Lots of Heat and a Touch of Velvet

A great homemade beef stir-fry is all about technique, from prepping the ingredients to finishing the dish in the pan. Flank steak and sirloin are good cuts for stir-frying. They should be sliced against the grain diagonally; slice thinly, so they’ll cook fairly quickly (don’t aim for razor thin, though, or you’re likely to overcook). Freezing the meat for 20 to 30 minutes makes slicing easier.

Next comes velveting, a key step in achieving tender results: Toss the sliced beef with a mixture of cornstarch, xiaoxing rice wine or dry sherry, and soy sauce (scoopG suggests a ratio of 3 tablespoons cornstarch, 2 teaspoons rice wine or sherry, and 1/2 teaspoon soy per 1/2 pound of meat), and marinate for 10 to 30 minutes. Alternately, simply toss the beef with some cornstarch, shaking off the excess before cooking. The cornstarch coating prevents the meat from cooking up tough when it hits a very hot pan. This method works wonderfully with pork and chicken, as well.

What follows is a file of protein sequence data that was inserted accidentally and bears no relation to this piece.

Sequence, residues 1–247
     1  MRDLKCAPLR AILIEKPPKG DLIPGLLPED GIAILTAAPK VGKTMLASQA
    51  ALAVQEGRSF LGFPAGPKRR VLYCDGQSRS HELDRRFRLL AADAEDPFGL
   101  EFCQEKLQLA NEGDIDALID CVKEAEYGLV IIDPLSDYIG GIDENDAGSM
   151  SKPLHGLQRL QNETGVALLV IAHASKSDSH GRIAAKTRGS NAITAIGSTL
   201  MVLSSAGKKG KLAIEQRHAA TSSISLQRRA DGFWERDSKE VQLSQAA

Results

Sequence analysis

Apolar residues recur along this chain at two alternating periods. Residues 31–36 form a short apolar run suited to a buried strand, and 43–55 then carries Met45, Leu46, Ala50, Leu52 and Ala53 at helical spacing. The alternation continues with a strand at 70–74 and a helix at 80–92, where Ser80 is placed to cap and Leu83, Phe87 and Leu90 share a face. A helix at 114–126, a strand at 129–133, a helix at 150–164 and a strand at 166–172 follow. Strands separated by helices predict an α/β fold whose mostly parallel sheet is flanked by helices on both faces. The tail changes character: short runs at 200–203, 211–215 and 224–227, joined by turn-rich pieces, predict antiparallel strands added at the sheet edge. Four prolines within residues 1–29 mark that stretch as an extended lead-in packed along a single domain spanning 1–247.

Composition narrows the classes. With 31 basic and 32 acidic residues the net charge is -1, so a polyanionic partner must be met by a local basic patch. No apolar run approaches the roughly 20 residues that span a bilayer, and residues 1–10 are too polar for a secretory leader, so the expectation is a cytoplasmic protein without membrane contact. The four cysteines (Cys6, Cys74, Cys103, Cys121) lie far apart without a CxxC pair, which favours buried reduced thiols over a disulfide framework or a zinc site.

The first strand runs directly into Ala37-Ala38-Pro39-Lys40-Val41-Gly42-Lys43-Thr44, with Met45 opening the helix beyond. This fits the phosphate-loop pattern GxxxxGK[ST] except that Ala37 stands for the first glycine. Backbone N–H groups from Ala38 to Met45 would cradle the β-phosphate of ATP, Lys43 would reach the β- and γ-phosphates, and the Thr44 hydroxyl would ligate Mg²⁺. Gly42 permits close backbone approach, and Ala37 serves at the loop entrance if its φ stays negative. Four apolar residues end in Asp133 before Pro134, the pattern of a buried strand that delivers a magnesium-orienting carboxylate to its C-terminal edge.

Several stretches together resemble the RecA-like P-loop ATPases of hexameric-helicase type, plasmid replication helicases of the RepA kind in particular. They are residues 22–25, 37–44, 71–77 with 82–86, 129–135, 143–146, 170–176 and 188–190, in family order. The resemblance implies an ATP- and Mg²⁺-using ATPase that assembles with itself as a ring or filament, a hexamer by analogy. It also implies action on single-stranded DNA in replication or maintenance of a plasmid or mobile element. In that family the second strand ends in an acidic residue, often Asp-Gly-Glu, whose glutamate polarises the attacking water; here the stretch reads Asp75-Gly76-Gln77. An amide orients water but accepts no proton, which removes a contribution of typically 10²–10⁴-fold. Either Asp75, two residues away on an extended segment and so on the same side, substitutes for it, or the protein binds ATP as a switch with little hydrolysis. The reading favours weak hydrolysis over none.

When it’s time to cook, get your pan as hot as possible. Most home stoves can heat a cast iron or stainless steel skillet hotter than a wok, say some hounds, so they prefer these for stir-fries. Add some oil and your meat; do not try to cook too much at once, or you’ll bring down the heat in your pan substantially.

Stir-fry and remove the beef before it is fully cooked through. Wipe out your pan, add more oil, stir-fry aromatics and vegetables, then return the beef to the pan at the last minute, right before you add any sauce ingredients for a final toss. This last minute or two of cooking will pull the whole thing together and give you beef that’s tender and not overdone.

Board Link: Any tips for stir-frying beef (and other meats)?

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